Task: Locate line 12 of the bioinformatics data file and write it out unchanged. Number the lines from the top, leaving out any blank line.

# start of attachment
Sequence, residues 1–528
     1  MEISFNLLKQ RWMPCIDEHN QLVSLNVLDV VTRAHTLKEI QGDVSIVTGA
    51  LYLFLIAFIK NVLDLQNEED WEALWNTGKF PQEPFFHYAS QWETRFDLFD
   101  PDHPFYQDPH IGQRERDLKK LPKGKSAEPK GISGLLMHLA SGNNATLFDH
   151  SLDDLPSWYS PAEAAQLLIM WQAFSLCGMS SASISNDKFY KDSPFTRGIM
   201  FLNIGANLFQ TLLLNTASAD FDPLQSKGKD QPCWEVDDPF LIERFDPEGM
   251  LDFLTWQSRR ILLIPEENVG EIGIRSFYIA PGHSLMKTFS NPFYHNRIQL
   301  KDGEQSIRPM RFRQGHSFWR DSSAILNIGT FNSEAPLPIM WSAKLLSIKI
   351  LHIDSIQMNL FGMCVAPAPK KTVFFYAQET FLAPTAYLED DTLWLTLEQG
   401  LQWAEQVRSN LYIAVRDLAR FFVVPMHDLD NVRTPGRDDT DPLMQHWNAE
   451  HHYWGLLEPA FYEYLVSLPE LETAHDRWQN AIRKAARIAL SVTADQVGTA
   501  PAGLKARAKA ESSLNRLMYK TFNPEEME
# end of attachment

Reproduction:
   501  PAGLKARAKA ESSLNRLMYK TFNPEEME